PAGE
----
Action needed to end Fuel Laundering – Adams
Following the discovery of 40,000 litres of fuel sludge yesterday at Drumad, County Louth the Sinn Féin Louth TD Gerry Adams has condemned the criminal gangs involved in the fuel laundering scam and has said that “the only effective means of closing down this illegal activity is to end the differential between agricultural and non-agricultural diesel. The government needs to introduce in its place a system where farmers can reclaim a rebate on their fuel costs based on vouched expenditure”.
The Sinn Féin leader has also accused some Louth politicians of making irresponsible claims that drinking water has been polluted. He said: “This assertion – especially given the assurances by the Director of Services in Louth County Council that the drinking water is safe can only serve to undermine the efforts of the Council to promote tourism and business in Dundalk and its hinterland and to undermine public confidence.”
The Louth TD accused the gangs involved in diesel laundering of “causing serious environmental and health problems, putting at risk legitimate business and jobs, as well as imposing significant financial costs on local councils and the tax payer. Over five million euro has been spent on cleaning up fuel laundering sites, most of it in county Louth.”
Sinn Féin Louth TD has revealed that he has also written to the Manager of
Louth County Council, to the Environmental Protection Agency and to An Garda Síochána
following reports in the Sunday Independent on January 18 that ‘cancer-causing
toxins’ being dumped into the River Fane. In its report the Sunday Independent
claimed to have ‘obtained evidence of carcinogenic waste flowing from an
illegal fuel plant in South Armagh into Lough Muckno, Lough Ross and the Fane
River – which is the main reservoir for the whole of Dundalk.’
Gerry Adams said:
“All of this clearly raises serious concerns for residents who live along the river, use it for leisure purposes, including fishing, and for the thousands who may be drinking water from these sources every day. Last year the world fly-fishing competition was held on the River Fane.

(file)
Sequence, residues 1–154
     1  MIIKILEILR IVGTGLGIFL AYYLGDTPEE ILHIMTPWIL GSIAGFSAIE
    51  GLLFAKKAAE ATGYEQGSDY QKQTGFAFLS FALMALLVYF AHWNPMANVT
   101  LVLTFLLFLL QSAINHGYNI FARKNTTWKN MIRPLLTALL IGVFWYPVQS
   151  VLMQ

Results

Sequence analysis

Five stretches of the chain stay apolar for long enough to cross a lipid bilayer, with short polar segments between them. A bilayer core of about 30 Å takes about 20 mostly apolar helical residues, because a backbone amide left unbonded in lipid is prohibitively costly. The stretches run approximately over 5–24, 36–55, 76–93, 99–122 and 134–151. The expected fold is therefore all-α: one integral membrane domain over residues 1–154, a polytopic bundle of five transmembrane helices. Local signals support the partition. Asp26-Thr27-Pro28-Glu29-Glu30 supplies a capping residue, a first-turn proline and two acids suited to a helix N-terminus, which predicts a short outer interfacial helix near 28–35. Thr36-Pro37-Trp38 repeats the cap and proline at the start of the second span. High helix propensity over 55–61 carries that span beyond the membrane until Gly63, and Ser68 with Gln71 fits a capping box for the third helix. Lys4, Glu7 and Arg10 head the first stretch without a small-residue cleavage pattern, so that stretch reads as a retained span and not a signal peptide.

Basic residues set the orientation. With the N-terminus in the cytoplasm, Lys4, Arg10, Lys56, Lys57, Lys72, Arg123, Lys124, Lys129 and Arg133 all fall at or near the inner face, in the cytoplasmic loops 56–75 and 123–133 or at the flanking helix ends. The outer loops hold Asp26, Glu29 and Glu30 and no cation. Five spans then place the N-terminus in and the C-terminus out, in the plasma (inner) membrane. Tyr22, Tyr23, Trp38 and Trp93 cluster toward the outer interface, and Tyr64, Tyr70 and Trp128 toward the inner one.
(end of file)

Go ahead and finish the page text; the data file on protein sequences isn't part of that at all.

“I am asking all of the relevant agencies with responsibility for monitoring our water resource to carry out a thorough, detailed, environmental investigation of the claims made, including taking samples of water from the allegedly polluted water sources.
I am also asking An Garda Siochána to seek all relevant information from the Sunday Independent, including the fuel laundering site that it claims to have knowledge of.
“I note the assurance from Louth County Council’s Director of Services that tests on the water found ‘no issue’ and that ‘the water supply to Dundalk is safe.’ Despite this other politicians have in a very irresponsible way continued to claim that drinking water has been polluted. This assertion – especially given the Director of Services assurances – can only serve to undermine the efforts of the Council to promote tourism and business in Dundalk and its hinterland and to undermine public confidence.
“They also assert that republicans are involved in this fuel laundering and dumping of toxic waste. Let me be very clear, those involved in this practice are criminals and must be made subject to the full rigours of the law. I and other Sinn Féin representatives in Louth and south Armagh have consistently spoken out against this criminality and raised it in our conversations with the PSNI and An Garda Siochána.
“If the claims of pollution are accurate they represent a serious economic and human threat to the people of south Armagh and north Louth.
“All of this must be of great concern to residents, local businesses, schools, Louth County Hospital, as well as to hoteliers, restaurants and others who use tap water every day.”